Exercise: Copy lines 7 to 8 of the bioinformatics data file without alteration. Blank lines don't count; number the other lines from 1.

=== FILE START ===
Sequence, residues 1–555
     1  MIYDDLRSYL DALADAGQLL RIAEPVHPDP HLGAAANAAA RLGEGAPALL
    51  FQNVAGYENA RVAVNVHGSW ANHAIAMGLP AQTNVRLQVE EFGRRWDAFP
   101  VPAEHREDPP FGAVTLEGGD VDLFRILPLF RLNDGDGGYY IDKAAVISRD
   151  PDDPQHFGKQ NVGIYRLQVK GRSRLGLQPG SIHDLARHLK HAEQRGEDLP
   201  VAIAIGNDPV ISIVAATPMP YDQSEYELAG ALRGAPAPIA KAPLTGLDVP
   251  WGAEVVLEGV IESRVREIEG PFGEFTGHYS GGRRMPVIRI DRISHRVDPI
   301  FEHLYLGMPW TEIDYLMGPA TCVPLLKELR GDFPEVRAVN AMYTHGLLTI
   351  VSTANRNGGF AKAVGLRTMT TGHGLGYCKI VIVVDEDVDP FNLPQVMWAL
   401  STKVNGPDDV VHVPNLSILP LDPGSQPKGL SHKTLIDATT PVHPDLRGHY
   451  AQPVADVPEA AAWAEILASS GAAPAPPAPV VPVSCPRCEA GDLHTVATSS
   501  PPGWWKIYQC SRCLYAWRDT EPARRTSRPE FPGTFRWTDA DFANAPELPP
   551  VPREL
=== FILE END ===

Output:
   251  WGAEVVLEGV IESRVREIEG PFGEFTGHYS GGRRMPVIRI DRISHRVDPI
   301  FEHLYLGMPW TEIDYLMGPA TCVPLLKELR GDFPEVRAVN AMYTHGLLTI